Does anyone have insight into my problem?

Thanks in advance.

EDIT:

I've been playing around with this all afternoon. Here is the entirety of the current test.pl

#!/usr/bin/perl -w
use lib '/etc/perl';
use strict;
use Radiology::Images;
my $file = $ARGV[0];
$file = readDicomFile( $file );
print STDERR "DEBUG: $file->{fileProperties}->{bitsAllocated}\n";
my @imageData;
# while ( $readsize = read ( $file->{filehandle}, $_, $file->{buffersize} ) ) {
#    push @imageData, unpack( 'S' x ( $file->{buffersize}/($file->{fileProperties}->{bitsAllocated}/8) ), $_ );
# }
my $readsize;
my $imagesize = $file->{fileProperties}->{columns} * $file->{fileProperties}->{rows};
print "DEBUG: should find $imagesize elements\n";
while ( $imagesize > 0 ) {
  $readsize = read ( $file->{filehandle}, $_, $file->{buffersize} );
  push @imageData, unpack( 'S' x ( $readsize/( $file->{fileProperties}->{bitsAllocated}/8 ) ), $_ );
  $imagesize -= $readsize /( $file->{fileProperties}->{bitsAllocated}/8 );
}
print "DEBUG: found ", (scalar @imageData), " elements\n";

...which gives me this output

DEBUG: 16
DEBUG: should find 262144 elements
Can't use string ("0") as a HASH ref while "strict refs" in use at /root/test.pl line 7.
DEBUG: found 262144 elements

...HOWEVER, when I change the 'while' loop in line #15 to

while ( $imagesize > 34816 ) {

I get this output:

DEBUG: 16
DEBUG: should find 262144 elements
DEBUG: found 227328 elements

So, it would appear that something I'm doing in a loop between lines 15 and 18 causes an error that goes back in time to line 7. Thus, my problem has never been with passing the hash back from my function. ??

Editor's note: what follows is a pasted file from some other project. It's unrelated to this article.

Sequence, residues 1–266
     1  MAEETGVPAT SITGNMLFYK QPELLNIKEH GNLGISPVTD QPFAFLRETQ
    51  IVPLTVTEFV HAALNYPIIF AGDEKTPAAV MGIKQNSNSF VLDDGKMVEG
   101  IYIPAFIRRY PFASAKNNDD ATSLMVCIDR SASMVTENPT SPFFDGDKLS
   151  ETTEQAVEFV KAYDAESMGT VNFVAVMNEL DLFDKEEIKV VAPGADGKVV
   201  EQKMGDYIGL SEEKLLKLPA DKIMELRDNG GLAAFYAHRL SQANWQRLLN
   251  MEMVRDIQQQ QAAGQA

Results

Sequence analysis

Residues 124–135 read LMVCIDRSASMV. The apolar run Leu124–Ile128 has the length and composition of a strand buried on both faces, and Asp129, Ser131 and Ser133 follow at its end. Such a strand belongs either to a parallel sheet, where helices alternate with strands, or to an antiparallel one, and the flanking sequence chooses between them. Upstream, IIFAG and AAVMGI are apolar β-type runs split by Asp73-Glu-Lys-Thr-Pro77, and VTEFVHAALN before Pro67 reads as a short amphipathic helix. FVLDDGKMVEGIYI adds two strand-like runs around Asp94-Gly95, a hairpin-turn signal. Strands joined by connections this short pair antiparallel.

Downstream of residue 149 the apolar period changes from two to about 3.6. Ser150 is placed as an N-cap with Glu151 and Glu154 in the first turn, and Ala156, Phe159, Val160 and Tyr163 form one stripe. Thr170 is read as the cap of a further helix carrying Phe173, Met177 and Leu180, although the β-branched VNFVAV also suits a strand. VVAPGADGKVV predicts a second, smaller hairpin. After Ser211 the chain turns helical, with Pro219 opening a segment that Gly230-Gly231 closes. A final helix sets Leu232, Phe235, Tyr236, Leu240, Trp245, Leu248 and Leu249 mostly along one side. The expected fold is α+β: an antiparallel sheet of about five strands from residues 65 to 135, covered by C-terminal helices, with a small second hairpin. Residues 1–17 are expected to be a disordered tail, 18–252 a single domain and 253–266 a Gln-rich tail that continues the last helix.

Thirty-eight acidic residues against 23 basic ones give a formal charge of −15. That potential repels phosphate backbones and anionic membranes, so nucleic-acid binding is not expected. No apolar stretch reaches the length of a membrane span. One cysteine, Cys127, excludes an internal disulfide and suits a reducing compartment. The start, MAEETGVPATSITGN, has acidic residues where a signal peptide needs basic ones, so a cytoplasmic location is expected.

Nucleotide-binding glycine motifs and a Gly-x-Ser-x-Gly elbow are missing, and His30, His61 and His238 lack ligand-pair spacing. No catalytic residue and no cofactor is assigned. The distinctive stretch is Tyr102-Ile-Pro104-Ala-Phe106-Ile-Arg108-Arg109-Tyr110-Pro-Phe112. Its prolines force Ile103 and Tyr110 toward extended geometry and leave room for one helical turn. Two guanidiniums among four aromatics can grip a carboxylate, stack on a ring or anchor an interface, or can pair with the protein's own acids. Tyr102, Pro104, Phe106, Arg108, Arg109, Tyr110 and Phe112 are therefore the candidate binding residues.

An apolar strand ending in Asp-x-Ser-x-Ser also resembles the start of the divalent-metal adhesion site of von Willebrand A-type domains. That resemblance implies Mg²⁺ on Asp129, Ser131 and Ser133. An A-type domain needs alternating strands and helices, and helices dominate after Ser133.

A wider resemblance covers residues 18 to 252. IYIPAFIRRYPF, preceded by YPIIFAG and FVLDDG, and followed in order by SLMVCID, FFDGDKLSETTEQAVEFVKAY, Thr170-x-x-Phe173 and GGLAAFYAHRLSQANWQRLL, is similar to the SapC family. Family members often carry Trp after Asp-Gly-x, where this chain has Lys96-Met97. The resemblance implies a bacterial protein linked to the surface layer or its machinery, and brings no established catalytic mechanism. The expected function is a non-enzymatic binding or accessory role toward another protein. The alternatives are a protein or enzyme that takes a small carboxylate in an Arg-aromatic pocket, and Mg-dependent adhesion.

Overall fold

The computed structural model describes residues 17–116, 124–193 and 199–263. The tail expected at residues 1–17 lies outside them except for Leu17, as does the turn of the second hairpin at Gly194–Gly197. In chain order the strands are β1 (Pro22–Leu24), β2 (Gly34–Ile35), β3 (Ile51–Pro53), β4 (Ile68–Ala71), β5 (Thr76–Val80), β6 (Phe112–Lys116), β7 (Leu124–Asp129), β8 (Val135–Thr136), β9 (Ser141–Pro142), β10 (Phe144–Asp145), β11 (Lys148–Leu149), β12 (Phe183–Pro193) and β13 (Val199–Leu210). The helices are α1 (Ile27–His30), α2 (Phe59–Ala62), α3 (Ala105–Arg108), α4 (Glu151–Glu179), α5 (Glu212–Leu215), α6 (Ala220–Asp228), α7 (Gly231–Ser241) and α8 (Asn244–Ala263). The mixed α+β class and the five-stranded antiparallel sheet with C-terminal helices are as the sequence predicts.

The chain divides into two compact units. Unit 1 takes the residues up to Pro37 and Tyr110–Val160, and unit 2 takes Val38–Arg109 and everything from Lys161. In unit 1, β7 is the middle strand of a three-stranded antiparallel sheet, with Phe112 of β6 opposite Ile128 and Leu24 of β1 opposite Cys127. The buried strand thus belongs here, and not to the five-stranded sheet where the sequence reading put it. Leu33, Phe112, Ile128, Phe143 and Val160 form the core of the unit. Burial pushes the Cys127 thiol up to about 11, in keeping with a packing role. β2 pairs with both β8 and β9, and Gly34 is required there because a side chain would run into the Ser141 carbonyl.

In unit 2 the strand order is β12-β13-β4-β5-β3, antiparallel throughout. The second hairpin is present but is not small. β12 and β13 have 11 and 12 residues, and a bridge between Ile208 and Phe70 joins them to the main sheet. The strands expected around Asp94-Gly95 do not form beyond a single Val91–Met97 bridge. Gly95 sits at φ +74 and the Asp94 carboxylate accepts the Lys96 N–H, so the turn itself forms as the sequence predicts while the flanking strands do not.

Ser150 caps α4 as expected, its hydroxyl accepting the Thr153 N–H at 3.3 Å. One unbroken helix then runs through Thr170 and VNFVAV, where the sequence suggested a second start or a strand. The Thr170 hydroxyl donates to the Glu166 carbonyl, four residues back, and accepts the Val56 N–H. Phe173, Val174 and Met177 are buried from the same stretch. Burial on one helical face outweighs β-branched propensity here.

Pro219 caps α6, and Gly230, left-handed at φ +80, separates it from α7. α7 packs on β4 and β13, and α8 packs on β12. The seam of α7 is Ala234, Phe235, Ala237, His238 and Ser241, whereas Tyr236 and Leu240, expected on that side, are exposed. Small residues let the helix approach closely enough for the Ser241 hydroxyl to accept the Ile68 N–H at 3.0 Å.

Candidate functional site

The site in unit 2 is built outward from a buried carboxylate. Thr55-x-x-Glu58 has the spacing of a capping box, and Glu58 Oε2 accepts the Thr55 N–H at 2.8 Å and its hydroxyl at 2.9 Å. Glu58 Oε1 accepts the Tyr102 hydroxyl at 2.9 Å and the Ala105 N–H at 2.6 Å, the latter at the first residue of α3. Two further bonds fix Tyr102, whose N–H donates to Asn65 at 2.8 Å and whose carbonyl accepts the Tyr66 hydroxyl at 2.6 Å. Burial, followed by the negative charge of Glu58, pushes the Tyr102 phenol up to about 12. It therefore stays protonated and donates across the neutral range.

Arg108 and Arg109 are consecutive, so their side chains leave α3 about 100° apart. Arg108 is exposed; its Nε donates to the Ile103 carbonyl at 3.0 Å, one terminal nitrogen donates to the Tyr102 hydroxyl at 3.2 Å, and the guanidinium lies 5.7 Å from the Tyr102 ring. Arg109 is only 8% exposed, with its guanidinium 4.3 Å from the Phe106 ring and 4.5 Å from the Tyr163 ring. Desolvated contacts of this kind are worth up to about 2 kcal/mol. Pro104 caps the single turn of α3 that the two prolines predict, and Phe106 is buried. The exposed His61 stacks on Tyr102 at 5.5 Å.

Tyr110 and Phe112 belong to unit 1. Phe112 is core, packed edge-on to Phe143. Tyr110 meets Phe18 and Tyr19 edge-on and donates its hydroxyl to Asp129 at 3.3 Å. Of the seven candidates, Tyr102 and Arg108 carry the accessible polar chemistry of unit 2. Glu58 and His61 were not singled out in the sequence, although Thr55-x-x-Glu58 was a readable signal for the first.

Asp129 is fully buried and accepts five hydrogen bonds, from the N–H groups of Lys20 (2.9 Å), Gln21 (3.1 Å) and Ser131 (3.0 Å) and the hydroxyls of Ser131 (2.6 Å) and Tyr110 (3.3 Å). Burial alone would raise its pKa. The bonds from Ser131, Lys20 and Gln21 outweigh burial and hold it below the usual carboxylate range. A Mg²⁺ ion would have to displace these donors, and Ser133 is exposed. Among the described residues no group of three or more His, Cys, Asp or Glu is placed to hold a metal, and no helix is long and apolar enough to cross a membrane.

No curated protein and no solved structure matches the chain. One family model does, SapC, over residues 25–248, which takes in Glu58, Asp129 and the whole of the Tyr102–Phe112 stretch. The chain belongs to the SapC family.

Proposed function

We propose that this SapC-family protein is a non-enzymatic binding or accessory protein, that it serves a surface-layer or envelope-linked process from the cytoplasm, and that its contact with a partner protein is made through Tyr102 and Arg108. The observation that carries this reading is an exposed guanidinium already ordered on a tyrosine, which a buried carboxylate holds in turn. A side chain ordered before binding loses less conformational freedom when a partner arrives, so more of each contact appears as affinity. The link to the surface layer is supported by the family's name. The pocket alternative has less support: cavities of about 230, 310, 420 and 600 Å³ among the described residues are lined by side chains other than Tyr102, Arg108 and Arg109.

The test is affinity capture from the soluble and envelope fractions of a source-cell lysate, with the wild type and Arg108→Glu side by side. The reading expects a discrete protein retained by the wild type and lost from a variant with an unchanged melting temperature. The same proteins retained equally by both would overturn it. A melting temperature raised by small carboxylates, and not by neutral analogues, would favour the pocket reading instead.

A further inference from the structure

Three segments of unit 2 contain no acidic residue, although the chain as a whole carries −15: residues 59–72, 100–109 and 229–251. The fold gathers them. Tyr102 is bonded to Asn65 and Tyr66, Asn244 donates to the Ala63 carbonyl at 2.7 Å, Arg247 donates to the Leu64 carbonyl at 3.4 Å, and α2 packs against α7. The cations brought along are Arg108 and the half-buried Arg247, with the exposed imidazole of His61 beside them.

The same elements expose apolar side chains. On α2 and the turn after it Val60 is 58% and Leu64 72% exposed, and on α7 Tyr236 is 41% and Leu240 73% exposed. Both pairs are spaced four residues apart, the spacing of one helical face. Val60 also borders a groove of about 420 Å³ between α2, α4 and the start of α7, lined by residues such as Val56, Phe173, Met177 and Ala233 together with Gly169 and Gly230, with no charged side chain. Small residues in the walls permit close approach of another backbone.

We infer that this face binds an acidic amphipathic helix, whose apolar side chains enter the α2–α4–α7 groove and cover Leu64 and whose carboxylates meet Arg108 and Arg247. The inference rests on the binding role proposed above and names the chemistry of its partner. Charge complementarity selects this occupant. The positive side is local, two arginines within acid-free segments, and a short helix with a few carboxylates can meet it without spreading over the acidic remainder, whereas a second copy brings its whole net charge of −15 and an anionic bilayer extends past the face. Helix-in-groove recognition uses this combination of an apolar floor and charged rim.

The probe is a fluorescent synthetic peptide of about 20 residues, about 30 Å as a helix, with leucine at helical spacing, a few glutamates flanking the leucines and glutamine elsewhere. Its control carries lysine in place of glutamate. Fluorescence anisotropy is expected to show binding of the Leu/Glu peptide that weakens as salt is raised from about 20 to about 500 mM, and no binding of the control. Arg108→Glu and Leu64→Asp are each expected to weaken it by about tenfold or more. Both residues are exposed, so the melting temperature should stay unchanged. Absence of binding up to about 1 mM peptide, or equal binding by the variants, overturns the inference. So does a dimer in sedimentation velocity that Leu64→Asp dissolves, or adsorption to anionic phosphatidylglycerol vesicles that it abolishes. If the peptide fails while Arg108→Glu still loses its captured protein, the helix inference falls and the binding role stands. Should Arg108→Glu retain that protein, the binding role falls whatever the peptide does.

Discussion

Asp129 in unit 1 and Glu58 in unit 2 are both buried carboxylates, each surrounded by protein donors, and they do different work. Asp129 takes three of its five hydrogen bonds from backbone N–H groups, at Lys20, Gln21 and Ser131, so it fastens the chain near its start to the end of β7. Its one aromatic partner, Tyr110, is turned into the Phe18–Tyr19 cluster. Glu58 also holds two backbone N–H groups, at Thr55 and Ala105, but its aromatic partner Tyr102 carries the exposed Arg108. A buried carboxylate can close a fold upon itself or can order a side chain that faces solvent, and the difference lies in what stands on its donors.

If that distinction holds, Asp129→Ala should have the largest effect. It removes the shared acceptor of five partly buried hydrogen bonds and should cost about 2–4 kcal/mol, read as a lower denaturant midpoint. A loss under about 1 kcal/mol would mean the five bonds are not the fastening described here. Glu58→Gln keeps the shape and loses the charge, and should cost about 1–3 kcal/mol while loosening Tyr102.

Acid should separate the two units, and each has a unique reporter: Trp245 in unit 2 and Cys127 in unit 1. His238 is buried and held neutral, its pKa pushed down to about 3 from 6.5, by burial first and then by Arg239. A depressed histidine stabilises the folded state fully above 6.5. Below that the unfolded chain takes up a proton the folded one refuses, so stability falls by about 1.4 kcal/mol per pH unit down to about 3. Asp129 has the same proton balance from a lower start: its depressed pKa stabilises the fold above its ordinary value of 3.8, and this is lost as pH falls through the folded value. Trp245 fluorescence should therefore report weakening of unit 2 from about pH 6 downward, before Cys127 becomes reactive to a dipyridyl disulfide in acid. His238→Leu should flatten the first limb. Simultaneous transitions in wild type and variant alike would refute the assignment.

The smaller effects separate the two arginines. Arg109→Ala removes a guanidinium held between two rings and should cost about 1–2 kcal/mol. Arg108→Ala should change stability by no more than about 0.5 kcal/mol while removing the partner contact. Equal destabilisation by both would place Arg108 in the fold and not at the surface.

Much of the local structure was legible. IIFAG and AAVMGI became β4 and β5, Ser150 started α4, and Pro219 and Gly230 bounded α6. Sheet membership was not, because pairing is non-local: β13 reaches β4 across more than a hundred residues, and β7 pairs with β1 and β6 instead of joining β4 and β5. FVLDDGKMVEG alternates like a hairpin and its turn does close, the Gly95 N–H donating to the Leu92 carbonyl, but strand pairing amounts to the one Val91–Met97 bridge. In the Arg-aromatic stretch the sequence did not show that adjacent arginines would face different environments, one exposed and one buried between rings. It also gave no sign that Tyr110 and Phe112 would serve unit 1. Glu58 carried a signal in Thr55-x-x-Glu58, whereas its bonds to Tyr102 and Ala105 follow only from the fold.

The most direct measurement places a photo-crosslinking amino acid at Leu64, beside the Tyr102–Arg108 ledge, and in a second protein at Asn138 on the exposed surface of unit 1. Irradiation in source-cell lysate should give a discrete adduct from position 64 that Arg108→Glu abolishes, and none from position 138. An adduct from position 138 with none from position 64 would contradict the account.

BTW, the number 34816 was arrived experimentally. 34816 doesn't trigger the error, 34815 does.

Given this is looking completely whacky and given that the code works the way I think it is supposed to despite the error, I guess I'll just assume it is a language bug and turn my attention to just suppressing the error message.

2nd EDIT:

This is test.pl now:

#!/usr/bin/perl -w
use lib '/etc/perl';
use strict;
use Radiology::Images;
my $file = $ARGV[0];
$file = readDicomFile( $file );
my @imageData;
my $readsize;
while ( $readsize = read ( $file->{filehandle}, $_, $file->{buffersize} ) ) {
  push @imageData, unpack( 'S' x ( $readsize/($file->{fileProperties}->{bitsAllocated}/8) ), $_ );
}
print "DEBUG: found ", (scalar @imageData), " elements\n";

gives me this output:

Can't use string ("0") as a HASH ref while "strict refs" in use at /root/test.pl line 9.
DEBUG: found 5638203 elements

if I comment out the 'use strict' line, I get:

Use of uninitialized value in ref-to-glob cast at /root/test.pl line 9.
Use of uninitialized value in read at /root/test.pl line 9.